In the Green Lantern, it was said that one's will was the most powerful force in the universe; and that you could overcome any fear with your willpower (I loved the Green Lantern).
So yeah, one's will must have something to do with it, your will to live, the will to save your kids, the will to save someone that can’t help themselves.
But this is in extreme circumstances, life and death. The heroes of our stories need to pull babies out of fires, shoot the bad guy, and file papers at the office when needed. Fear is not a constant consideration in our story. So what makes the detective (for example) in our story, a hero? What hero-like qualities keep the reader glued to the pages of your book, while the hero is crawling through a dumpster or reading through a stack of files?
I’m thinking now that one of the key ingredients needs to be a sense of purpose, a sense of right and wrong. They know what’s right, and they know they need to get it done. Clive Cussler had a great quote in ‘The Silent Sea’: “Do the right thing; the consequences are easier to deal with, no matter what you think (at the time).”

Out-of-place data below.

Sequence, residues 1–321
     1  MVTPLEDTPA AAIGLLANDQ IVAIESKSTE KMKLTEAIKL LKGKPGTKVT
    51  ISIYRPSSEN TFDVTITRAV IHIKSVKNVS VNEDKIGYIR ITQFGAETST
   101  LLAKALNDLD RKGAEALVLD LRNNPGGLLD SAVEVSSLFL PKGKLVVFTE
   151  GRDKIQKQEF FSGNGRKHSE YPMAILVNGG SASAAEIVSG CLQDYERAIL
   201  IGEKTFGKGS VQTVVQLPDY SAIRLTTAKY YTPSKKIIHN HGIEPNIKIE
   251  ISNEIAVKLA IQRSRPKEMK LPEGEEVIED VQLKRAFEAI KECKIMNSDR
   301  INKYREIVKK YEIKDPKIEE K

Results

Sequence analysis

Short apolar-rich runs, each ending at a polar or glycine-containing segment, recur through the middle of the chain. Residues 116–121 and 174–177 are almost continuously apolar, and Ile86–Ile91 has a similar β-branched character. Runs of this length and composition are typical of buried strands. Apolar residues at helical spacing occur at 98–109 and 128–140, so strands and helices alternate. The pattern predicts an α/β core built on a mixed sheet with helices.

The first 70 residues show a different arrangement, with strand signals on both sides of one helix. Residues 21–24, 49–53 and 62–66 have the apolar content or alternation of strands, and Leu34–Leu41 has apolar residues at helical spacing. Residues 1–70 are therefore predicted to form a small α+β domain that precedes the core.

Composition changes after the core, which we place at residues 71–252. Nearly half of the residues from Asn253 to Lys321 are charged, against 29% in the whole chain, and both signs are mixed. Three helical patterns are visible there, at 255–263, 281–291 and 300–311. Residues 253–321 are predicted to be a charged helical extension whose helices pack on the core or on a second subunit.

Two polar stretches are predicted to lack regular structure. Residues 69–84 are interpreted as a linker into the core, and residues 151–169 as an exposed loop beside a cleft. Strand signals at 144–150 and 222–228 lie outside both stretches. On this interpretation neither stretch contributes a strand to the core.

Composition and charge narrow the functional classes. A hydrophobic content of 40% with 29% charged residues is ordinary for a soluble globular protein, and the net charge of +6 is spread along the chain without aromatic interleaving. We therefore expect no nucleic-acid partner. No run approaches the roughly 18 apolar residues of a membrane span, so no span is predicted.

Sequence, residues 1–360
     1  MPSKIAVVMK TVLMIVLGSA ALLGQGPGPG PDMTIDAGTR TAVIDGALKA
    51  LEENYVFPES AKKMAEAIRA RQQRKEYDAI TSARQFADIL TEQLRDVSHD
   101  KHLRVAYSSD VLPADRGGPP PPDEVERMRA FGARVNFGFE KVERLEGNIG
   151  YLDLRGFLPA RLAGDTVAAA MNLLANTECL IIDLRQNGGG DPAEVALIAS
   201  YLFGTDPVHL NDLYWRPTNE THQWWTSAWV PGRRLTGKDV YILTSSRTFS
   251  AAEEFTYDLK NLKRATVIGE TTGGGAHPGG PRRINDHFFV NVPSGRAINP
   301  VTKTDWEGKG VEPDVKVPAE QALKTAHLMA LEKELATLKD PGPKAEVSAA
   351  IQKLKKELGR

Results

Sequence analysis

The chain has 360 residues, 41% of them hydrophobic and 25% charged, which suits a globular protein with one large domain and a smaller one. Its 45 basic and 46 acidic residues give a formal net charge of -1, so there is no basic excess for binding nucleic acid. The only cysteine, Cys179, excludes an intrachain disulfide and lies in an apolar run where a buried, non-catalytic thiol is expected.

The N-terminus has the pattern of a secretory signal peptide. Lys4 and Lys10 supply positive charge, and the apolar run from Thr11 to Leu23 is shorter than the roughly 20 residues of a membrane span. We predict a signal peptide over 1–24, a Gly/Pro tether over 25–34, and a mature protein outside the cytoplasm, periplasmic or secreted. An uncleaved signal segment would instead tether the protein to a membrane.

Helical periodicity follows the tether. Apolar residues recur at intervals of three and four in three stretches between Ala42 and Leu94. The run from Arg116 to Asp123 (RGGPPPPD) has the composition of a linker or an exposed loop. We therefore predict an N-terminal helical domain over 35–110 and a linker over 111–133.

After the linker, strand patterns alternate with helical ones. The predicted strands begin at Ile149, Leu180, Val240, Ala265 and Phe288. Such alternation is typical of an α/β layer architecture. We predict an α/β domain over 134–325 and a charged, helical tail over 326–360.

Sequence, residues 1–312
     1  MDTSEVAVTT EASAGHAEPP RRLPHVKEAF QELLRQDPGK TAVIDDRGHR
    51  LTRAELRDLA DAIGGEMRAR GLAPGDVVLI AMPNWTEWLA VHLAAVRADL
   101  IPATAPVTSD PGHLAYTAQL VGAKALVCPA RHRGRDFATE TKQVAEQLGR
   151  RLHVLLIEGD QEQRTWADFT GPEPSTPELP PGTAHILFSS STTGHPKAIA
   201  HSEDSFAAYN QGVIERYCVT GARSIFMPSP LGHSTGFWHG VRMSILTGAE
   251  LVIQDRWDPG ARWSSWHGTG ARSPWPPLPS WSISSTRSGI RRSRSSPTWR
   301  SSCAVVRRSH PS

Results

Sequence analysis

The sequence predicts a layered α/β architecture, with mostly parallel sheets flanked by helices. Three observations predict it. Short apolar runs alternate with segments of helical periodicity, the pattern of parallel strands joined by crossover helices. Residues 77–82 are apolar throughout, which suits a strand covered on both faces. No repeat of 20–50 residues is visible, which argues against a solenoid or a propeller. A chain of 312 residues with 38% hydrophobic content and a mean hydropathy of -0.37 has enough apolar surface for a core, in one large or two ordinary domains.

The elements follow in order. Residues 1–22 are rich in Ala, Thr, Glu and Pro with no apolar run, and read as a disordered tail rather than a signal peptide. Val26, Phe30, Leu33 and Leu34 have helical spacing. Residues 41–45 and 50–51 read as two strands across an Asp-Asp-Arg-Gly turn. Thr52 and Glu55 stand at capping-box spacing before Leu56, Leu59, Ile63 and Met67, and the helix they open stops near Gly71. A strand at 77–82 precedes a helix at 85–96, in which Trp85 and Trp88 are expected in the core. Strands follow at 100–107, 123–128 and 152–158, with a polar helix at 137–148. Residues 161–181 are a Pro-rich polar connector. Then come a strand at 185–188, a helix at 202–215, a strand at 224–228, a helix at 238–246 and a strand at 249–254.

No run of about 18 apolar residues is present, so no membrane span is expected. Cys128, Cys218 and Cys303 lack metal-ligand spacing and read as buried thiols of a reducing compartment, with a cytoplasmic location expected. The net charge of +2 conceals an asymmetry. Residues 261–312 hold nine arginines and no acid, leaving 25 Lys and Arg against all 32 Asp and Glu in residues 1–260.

Another ingredient, I believe, is that the hero needs to be comfortable with their own self; they need to fit into their skin, so to speak. Even more, they need to fit into their soul. This doesn’t mean they are always comfortable, or even always confident in a situation. A hero may stare into a gun barrel and not flinch, but stumbles over words when in the presence of a pretty girl.
Fitting into their soul means they know themselves, whether they accept all that that entails can be questionable, but they know what they can do. And, even if they don’t like it, they will do what’s right, because they have a purpose in life.